Steeped in history. it has boasted its own assize court, county jail and military barracks. Today the jail, built in 1776, is open to visitors. The scene of hard labour and public hangings (the last in 1909) the jail was home to the Crown Jewels and the Doomsday Book during the last war.
Each year Bodmin holds its Riding and Heritage Day, an age-old celebration, the origin of which has never been satisfactorily explained. The most popular explanation is linked with St Petroc's bones being returned to Bodmin in 1177 AD. He was a Celtic saint around whose monastery Bodmin was first developed.
Historically. the evening before the ceremony, townsfolk would attend church and the craft guild emblems would be paraded. Ridings Ales would be distributed from house to house. On Riding Day itself, anyone who owned or who could 'beg, borrow or steal' a mount of some sort would go in procession,
divided into classes. each of which would bear the emblem of its craft and profession. Today this procession continues and children dance to the Riding Dance - 'Bodmin's Riding Air' - down the length of Fore Street.
St Petroc is considered the 'heart and spirit' of Cornwall and his remains are contained in casket in the beautiful priory church. named after him. in the centre of Bodmin. The town, and indeed the nation. was shocked when the casket was stolen, and was relieved on its return some 40 days later. Little remains of the original monastic buildings of the Dark Ages but there is one legacy of the Church presence in the town - St Lawrence Hospital, a large Victorian asylum.
Bodmin is guarded by Berry Tower and it is fascinating to think that it was built by the mason Harry Sleeman back in the 14th century tale of Bodmin and its railway The Camel Trail It took him 14 years to build and he was paid a daily rate of sixpence. This tower still stands,nearly 500 years later, and is a testimony to the skills of our forefathers.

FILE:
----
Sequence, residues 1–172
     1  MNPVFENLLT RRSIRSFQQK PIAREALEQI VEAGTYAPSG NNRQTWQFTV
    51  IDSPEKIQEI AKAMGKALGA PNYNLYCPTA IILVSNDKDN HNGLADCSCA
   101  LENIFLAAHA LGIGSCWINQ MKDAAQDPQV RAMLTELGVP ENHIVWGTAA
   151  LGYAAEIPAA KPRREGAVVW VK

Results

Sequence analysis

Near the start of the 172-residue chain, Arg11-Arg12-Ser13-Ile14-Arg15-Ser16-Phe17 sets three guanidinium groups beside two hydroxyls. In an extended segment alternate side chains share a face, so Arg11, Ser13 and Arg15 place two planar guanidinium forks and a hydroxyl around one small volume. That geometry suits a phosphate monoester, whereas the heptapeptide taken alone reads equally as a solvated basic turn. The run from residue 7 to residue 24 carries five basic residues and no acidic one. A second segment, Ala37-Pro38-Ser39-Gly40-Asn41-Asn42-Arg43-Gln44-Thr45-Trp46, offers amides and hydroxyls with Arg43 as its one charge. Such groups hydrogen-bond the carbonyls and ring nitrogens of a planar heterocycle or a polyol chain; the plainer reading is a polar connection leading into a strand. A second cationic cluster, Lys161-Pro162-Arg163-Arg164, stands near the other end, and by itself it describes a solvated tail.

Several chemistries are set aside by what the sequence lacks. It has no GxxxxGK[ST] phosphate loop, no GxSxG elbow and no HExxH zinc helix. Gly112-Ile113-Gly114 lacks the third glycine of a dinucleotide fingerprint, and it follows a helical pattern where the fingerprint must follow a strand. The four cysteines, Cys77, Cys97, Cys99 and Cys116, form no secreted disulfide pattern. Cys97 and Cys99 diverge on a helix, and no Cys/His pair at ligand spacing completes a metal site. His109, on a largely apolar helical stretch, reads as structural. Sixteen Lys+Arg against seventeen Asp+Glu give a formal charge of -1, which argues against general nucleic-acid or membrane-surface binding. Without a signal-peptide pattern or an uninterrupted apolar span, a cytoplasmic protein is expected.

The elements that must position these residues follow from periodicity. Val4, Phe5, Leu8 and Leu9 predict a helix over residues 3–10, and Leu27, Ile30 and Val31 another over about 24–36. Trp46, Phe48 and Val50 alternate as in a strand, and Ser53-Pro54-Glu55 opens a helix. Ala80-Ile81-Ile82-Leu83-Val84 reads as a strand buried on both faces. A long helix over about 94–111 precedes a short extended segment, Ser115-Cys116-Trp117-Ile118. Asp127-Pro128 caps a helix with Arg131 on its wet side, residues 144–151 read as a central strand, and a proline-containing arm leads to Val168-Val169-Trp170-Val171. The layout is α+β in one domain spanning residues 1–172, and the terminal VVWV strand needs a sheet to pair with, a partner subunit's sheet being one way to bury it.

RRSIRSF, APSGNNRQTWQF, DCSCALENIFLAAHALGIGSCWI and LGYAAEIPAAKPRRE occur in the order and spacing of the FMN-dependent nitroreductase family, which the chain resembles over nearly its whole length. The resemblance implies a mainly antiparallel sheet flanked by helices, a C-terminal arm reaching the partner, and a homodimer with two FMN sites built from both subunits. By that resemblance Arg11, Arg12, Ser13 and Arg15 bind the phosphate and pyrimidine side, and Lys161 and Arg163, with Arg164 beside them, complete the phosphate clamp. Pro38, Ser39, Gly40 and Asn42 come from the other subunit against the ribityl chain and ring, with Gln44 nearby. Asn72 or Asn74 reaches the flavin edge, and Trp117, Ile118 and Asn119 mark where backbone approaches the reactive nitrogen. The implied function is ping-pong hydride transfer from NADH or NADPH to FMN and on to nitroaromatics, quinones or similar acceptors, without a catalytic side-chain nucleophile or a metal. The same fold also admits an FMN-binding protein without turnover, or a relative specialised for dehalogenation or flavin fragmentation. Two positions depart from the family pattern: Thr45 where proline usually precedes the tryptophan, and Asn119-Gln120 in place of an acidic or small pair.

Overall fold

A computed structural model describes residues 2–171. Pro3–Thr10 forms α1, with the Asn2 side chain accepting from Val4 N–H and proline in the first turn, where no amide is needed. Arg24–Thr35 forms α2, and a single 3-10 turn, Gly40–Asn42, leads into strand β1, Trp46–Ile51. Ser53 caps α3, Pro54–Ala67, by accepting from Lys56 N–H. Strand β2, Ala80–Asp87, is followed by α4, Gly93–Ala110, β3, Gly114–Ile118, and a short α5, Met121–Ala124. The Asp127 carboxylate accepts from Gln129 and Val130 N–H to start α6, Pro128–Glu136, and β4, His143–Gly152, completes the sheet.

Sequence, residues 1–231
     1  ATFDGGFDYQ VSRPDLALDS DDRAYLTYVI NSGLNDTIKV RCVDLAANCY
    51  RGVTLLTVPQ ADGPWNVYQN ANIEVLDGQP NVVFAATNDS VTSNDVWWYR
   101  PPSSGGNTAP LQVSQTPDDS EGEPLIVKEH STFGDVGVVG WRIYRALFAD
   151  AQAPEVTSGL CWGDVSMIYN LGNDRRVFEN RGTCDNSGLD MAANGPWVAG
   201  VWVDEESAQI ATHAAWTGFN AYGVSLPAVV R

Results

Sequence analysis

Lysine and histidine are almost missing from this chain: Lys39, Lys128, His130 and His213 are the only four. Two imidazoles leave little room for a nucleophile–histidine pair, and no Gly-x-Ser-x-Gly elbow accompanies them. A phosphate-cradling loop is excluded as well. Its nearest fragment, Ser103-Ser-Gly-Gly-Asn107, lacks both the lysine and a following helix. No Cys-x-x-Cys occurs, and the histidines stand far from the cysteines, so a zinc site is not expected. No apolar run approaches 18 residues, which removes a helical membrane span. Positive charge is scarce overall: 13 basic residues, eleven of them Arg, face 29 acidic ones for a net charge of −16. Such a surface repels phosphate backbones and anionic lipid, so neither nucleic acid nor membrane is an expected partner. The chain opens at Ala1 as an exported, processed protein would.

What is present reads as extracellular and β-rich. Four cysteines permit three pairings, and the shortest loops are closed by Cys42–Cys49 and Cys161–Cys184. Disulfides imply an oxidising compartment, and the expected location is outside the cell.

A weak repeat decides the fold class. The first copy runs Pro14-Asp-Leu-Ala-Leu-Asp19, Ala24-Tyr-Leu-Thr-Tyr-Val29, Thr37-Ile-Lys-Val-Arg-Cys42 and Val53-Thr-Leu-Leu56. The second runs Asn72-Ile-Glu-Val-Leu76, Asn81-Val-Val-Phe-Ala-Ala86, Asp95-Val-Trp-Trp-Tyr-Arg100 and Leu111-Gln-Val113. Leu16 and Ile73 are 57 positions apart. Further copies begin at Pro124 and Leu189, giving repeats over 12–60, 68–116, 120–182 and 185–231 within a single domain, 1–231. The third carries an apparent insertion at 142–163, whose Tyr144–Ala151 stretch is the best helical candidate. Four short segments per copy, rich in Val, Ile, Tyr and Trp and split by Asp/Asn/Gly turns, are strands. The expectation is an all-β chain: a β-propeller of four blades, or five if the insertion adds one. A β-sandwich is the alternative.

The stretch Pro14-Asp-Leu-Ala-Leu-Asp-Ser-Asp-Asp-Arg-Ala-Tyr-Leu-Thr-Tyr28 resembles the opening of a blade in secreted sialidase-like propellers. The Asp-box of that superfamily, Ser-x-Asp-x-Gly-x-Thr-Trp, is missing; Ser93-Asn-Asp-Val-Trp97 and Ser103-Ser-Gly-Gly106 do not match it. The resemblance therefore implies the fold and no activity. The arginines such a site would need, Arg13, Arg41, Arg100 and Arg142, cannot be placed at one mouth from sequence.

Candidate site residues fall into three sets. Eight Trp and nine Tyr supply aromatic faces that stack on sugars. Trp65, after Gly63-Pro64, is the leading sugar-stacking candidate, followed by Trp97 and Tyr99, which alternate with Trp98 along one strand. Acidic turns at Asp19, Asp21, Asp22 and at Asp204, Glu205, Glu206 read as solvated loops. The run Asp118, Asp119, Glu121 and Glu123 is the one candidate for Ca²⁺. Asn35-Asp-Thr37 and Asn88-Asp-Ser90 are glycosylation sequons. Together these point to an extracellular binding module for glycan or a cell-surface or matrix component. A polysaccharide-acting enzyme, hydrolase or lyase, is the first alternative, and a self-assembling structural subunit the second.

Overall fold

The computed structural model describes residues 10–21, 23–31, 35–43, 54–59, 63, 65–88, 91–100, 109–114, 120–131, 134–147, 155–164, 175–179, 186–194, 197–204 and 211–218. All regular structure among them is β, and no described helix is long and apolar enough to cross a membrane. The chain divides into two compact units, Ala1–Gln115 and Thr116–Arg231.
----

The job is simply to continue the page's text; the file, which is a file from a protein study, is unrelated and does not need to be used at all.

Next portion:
Another landmark of Bodmin is the Gilbert Memorial just outside the town in the Bodmin Beacon Local Nature Reserve. This is a 144-foot obelisk that dominates the skyline and was built to the memory of the famous Bodmin soldier Sir Walter Raleigh Gilbert. The panoramic viewsfrom here are quite superb.
For those who are familiar with the works of 'Q' (Sir Arthur Quilter Couch) his book Cuckoo Valley Railway is a thinly disguised tale of Bodmin and its railway. The Camel Trail now follows this, the line of one of the world's very first steam railways.
Most of us are more familiar with Bodmin Moor, from Tales of the Beast of Bodmin Moor' and the 'Poldark' series. It was once the Gretna Green of the South. A Knight's Templar hospice was founded in 1120 AD in the tiny settlement of Temple. After the Reformation,the church remained outside the jurisdiction of the Bishop for well over 200 years and many clandestine marriages took place there.
- Rita Westlake
Where you can ask the way to Paradise
The village of Boscastle has a history which dates back to 1066 and beyond. It has attracted many by the power of its beauty. It represents the epitome of what must people want Cornwall to be.
Early in the reign of Queen Victoria, Boscastle became a popular place to visit with outstanding scenic beauty, invigorating air, interesting history and quaint style. In Boscastle you can ask the way to Paradise and will not be laughed at. At the top of the hill, in the oldest part of the town, you will find the area known as Paradise where the houses all date from before the l820s.
- Rita Westlake